As to the laws of physics, I guess I've watched a lot of stuff like PBS Space Time. We know quite a bit, even down to the first moments of the universe and when different forces in physics started functioning as we know them. if things acted differently anywhere in the observable universe, I think we'd have signs of it. We're starting to know more about black holes, as an example. We will probably just to update what we know we instead of throwing things out.

it seems to me that there is a contradiction. When discussing cosmology and the big bang they postulate inflation at which time the laws of physics worked differently. By so doing the theory works. Oddly enough we no longer see any such thing as inflation.

odd that?

if the laws of physics worked differently then, in a different place, why not now?
Oh wait...what about the unexpected variation in the speed of the Voyager spacecraft when they got out from underneath the umbrella of the bowshock of the sun? Wouldn't that be an observed "it's acting differently than we expected it to according to the laws of physics"?

Hadn't heard of the Voyager discrepancy. Got a favorite write up or video on it? Sounds interesting. As to the changes in physics and whether the universe is to expand forever, contract, or something else, the Space Time series has covered a lot of that stuff, though some of the physics is well over my head. I do enjoy watching some of them twice in hopes some of it will sink in. :)

Hadn't heard of the Voyager discrepancy. Got a favorite write up or video on it? Sounds interesting. As to the changes in physics and whether the universe is to expand forever, contract, or something else, the Space Time series has covered a lot of that stuff, though some of the physics is well over my head. I do enjoy watching some of them twice in hopes some of it will sink in. :) was Pioneer
..Thirty years ago, NASA scientists noticed that two of their spacecraft, Pioneer 10 and Pioneer 11, were veering off course slightly, as if subject to a mysterious, unknown force. In 1998, the wider scientific community got wind of that veering—termed the Pioneer anomaly

Ah, interesting. Thanks, I'll check it out. Oh, next time please reply to a previous comment of mine when you hit the nesting limit so I get a notification. Otherwise I'll miss your comment. Thanks!

Personally I think option 1 is the most likely to be true. Although I'd like to believe otherwise, the history of the human race thus far does not lead me to be wildly optimistic. It would be awesome if we're actually living in a vast computer simulation like the Matrix. If we were, then perhaps dying is akin to simply waking up (assuming that we ourselves are not just sophisticated AI programs). Maybe near death experiences are glimpses of what life is really like, momentary glitches in the simulation where the user temporarily gets unplugged. Could the bright light at the end of the tunnel actually be the bright light in the room where your real body is being stored? Keep asking those questions and I see how one could get sucked very deep down the rabbit hole indeed.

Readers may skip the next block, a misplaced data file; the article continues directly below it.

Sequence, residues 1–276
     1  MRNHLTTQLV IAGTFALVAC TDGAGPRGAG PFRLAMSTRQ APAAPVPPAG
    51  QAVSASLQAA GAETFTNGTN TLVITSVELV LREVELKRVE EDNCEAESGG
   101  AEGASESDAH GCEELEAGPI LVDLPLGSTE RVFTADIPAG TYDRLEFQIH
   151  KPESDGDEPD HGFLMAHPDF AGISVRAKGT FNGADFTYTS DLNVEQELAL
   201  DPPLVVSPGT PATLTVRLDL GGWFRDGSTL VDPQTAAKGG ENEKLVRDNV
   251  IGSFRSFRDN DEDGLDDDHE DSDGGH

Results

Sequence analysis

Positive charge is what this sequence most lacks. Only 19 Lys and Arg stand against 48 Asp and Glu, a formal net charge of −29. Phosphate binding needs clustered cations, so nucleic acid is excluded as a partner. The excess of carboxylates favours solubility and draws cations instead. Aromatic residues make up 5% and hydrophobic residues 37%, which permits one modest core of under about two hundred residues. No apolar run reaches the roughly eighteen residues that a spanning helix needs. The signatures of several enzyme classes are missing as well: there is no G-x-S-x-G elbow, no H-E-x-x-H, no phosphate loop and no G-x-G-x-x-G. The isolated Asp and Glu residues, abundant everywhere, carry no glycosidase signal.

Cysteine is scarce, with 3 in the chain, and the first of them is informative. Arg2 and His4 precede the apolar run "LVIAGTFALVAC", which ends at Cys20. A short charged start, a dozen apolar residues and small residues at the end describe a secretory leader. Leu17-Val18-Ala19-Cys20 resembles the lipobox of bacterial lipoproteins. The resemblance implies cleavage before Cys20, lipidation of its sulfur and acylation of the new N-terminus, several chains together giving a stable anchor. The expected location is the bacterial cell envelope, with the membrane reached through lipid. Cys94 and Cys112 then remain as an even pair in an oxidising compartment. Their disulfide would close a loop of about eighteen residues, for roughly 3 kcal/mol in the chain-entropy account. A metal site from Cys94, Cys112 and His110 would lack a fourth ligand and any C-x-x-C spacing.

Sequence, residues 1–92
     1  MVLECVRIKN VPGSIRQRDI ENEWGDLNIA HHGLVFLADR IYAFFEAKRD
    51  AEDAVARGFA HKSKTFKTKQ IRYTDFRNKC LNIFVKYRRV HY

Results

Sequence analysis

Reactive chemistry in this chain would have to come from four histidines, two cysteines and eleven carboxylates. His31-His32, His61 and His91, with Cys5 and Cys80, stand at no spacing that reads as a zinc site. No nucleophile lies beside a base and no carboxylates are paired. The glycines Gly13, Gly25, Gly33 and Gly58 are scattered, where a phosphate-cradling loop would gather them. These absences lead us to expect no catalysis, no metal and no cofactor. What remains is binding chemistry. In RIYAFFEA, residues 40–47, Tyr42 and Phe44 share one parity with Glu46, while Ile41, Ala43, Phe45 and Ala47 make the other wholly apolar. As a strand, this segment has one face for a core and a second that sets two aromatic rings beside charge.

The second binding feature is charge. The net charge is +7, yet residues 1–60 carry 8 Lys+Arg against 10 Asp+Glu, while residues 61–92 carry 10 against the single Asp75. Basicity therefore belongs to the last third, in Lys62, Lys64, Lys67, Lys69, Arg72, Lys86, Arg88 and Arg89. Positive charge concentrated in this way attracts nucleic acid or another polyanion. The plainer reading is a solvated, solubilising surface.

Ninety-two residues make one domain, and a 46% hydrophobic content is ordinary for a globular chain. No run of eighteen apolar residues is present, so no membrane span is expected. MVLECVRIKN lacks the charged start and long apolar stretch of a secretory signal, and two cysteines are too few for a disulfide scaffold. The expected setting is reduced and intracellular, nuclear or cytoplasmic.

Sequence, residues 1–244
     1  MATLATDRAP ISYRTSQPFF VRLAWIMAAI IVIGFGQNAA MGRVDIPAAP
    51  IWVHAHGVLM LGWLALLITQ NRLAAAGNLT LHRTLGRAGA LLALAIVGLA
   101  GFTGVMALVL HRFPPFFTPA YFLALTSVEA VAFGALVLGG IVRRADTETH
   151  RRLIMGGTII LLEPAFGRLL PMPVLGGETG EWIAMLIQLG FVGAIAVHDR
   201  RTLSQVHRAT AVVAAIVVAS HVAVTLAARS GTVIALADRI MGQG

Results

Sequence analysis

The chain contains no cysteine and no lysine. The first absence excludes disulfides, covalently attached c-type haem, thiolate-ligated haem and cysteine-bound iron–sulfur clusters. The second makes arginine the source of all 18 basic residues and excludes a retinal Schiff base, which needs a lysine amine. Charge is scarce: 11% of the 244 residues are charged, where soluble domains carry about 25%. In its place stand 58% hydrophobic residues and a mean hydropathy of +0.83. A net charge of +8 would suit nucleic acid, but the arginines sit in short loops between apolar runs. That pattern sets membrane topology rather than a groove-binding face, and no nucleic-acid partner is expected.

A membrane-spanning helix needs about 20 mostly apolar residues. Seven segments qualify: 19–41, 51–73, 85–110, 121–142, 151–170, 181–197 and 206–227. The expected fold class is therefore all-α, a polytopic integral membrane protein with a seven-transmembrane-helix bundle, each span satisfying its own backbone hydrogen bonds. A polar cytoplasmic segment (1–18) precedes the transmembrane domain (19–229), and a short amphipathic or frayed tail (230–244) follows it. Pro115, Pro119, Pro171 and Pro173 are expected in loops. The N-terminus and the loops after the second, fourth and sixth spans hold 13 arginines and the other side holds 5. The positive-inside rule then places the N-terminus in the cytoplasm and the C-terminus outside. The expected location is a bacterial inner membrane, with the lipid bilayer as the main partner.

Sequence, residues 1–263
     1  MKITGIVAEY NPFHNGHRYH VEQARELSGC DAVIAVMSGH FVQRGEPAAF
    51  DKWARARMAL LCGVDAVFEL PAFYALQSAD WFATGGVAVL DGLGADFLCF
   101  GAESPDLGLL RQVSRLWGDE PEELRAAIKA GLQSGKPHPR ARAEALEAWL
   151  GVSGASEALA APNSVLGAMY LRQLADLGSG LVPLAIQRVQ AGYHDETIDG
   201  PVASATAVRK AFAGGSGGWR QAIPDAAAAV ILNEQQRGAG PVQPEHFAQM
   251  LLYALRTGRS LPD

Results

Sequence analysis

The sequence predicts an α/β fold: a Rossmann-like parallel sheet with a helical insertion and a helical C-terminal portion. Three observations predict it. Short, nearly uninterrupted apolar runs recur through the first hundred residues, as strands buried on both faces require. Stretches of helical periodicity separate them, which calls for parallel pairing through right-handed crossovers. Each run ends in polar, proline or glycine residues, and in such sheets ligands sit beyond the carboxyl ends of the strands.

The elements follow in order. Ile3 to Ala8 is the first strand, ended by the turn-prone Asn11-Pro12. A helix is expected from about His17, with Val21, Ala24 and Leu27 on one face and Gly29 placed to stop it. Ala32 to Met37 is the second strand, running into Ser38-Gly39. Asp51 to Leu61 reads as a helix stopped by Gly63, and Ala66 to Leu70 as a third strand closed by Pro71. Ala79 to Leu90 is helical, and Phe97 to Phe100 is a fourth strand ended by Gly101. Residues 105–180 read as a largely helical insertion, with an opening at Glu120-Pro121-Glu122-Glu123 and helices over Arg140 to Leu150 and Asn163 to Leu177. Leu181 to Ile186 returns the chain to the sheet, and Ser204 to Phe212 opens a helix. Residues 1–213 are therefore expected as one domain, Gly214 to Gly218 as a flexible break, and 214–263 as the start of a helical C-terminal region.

the history of the human race thus far does not lead me to be wildly optimistic

Check out this 5 minute video by the BCC for a little optimism on the history of humanity:

Also, give Steven Pinker's The Better Angels of Our Nature: Why Violence Has Declined a read. It's not all bad news.

I looked into NDE's before and I think the strongest argument going for it now is the brain releases a ton of chemicals as a last ditch effort to keep things going and those chemicals create hallucinations and leave people with memories which are similar because our brains our similar. That my current thinking, anyway.

Ah, thanks for that shot of optimism. Just what I needed to kick start my Monday morning!

That explanation for NDEs seems quite plausible. Yay science for being a downer sometimes. But it's still fun to speculate about wilder alternatives. ;-)

I've been thinking about this a bit lately. With the release of No Man's Sky, I started to wonder if our world might be procedurally generated. You know when you meet someone, and they seem to have qualities remarkably similar to someone you used to know, their facial features and their mannerisms. Is it just because you want to compare things to what is familiar, or is it because those things actually are similar? And could it be because the settings for their character came out close?

Like these guys... completely unrelated, look like brothers

I haven't played No Man's Sky yet. I think if I did, I might get lost in it.

Interesting idea. The gene pool is diverse, but it's also not inconceivable that shared genes from distant relatives for dominant traits stuck around to produce very similar people. It's almost like evolution is the programming language, matter the operating system, and consciousness the program.

I haven't played it either. The reviews make it sound pretty boring, but it intrigues me as a concept.

Loved this, Luke. I had never considered that this moment in history in particular would be an optimal/logical one to simulate.

Thanks Sean. It's an idea I've been brewing for a while. It's nice to get out there.

this is creationism.